Judge Dismisses Wrongful Death of High School Football Player
A Florida judge has dismissed a wrongful death lawsuit against Riverdale High School related to the death of a high school football player who apparently succumbed to heatstroke. The lawsuit was filed by the boy’s mother, Laurie Giordano, who claimed that the school district was responsible for not seeing to the safety of her son. While it’s difficult to argue with that sentiment, the judge ruled that there was no evidence to support the claim that school or its employees acted with malicious intent in the death of the boy.
The lawsuit claimed that the school’s coach, subjected the 320 lb offensive lineman to rigorous conditioning drills in 90-degree heat. The boy collapsed on the field and was taken to the hospital where he died two weeks later.
However, the case was dismissed without prejudice meaning that the plaintiffs will have an opportunity to prove their case should they continue to move forward.
The Case Against Riverdale High School
While the ruling is no doubt disappointing to the boy’s mother and perhaps many parents who are aware of the situation, the plaintiffs will still have an opportunity to refile. The judge’s ruling specified that the plaintiffs had failed to allege a substantive due process violation even though the plaintiffs alleged that the team’s coach denied the deceased water, failed to call 911 in a timely manner, and downplayed the severity of the boy’s injury.
The lawsuit, which was filed in federal court, made several claims that could have also been filed in state court. The federal court declined to make any rulings on causes of actions that could be filed in state court. The plaintiffs will have 14 days to amend their original complaint and refile in federal court if they choose.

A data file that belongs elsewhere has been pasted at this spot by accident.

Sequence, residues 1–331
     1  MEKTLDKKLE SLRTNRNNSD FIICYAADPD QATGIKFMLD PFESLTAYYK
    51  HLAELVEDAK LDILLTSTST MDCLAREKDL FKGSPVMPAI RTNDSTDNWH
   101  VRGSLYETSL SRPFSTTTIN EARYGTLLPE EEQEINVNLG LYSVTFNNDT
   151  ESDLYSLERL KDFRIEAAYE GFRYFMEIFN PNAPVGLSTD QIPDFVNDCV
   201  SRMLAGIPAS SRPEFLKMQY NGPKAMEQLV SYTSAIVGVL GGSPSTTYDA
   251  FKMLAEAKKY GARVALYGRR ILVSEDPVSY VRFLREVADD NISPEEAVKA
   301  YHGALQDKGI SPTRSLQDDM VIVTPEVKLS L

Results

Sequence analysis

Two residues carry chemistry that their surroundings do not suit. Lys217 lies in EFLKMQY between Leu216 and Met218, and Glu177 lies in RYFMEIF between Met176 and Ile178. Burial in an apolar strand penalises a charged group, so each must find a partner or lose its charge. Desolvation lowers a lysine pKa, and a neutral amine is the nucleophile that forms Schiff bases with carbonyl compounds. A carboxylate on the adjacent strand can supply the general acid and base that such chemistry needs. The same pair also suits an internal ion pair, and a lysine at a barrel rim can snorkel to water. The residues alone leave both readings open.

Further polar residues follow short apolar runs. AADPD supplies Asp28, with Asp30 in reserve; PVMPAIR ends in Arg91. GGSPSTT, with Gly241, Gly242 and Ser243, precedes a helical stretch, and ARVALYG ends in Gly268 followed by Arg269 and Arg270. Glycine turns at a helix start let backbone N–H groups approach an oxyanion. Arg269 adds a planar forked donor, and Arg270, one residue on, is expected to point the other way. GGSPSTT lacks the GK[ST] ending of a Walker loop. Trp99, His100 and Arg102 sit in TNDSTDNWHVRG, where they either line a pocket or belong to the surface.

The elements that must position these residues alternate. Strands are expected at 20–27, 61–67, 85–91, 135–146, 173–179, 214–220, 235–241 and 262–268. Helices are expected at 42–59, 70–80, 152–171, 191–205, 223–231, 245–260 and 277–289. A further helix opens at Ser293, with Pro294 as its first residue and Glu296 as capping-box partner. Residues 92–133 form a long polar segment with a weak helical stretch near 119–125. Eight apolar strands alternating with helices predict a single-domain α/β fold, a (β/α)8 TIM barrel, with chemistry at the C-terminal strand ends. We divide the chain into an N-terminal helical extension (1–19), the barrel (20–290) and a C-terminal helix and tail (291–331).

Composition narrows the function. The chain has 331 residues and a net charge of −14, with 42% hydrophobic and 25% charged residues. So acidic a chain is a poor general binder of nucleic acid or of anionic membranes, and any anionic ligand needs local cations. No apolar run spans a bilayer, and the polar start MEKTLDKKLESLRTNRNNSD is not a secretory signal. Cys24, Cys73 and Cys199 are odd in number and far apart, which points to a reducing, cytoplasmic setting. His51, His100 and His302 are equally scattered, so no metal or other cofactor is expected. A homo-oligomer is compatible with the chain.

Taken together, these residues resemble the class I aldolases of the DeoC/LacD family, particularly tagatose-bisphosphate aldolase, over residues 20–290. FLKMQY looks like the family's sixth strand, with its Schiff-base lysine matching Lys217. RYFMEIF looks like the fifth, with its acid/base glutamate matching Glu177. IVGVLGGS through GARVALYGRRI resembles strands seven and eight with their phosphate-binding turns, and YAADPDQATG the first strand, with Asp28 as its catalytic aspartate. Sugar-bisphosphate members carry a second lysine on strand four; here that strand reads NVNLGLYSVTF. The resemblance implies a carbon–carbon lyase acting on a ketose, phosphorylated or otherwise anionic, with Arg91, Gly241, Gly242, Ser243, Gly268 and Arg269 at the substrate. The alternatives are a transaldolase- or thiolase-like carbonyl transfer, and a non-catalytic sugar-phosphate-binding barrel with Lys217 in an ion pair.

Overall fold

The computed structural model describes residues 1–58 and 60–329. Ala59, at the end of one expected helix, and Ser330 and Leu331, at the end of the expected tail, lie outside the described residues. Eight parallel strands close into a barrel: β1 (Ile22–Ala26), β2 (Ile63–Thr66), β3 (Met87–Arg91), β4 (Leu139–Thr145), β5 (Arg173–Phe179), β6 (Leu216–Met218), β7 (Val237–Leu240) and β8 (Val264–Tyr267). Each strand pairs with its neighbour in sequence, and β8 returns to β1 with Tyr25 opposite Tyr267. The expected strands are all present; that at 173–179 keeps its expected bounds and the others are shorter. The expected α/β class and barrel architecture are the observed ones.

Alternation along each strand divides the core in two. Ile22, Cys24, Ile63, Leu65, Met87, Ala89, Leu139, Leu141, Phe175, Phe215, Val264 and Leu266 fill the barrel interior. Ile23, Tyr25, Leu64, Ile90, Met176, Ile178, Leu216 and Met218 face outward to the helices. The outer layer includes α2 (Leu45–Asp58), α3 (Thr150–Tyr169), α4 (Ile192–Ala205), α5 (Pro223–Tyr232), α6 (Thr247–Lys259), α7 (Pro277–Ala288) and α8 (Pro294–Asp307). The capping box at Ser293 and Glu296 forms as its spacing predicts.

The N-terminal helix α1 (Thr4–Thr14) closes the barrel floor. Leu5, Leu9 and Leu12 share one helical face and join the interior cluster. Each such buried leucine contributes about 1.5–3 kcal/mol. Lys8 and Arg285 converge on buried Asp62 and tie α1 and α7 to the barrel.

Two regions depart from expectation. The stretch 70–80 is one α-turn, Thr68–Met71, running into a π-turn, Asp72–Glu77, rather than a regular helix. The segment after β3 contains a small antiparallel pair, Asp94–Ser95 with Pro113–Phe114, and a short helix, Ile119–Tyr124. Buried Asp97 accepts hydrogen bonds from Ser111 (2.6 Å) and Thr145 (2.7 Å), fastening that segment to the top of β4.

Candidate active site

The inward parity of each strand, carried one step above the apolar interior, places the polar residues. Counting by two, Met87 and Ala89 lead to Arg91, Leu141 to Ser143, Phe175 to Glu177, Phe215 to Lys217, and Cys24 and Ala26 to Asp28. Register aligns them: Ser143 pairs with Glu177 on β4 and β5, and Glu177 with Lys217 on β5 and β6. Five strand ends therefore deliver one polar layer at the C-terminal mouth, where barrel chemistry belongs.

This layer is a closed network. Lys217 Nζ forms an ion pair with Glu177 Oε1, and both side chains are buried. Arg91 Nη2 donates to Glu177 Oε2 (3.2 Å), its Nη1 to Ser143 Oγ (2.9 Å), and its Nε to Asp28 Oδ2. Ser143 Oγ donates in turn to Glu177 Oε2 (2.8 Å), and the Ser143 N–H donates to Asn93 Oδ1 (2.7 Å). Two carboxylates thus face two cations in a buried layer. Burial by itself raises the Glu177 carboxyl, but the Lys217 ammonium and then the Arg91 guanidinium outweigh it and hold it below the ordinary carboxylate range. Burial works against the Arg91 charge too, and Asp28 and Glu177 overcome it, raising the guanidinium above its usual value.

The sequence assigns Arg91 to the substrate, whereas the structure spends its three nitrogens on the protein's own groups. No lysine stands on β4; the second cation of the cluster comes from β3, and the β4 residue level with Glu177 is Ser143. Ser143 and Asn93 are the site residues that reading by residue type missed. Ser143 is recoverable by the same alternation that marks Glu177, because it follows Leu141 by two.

Was the Workout Dangerous?
Conditioning workouts are meant to stretch the limits of human endurance, but at what point do they become dangerous? Coaches are not typically sports science experts nor are they expected to understand the signs of medical emergencies. Nonetheless, when a player is collapsed on the field, someone should do the right thing and call an ambulance if for no other reason than to make sure that the boy is okay.
The coach is also accused of refusing to allow his players to drink water which is potentially dangerous in 90-degree heat where they are being forced to exert themselves. The plaintiffs say that the coach made the players run “never-ending” sprints. They also claim that the coach denied players access to water despite signs of heat exhaustion and several players pleading for help. He is also accused of threatening to kick players off the team if they asked for water. Despite the fact that his player was convulsing on the ground, when the coach finally did call 911, he told the dispatcher that his player was “fine”.
Talk to a Jacksonville Personal Injury Attorney
If you’ve been injured by a negligent party, the Jacksonville personal injury attorneys at Gillette Law can help you recover damages related to your injury and hold the liable party accountable for their carelessness. Talk to us today to set up a free consultation.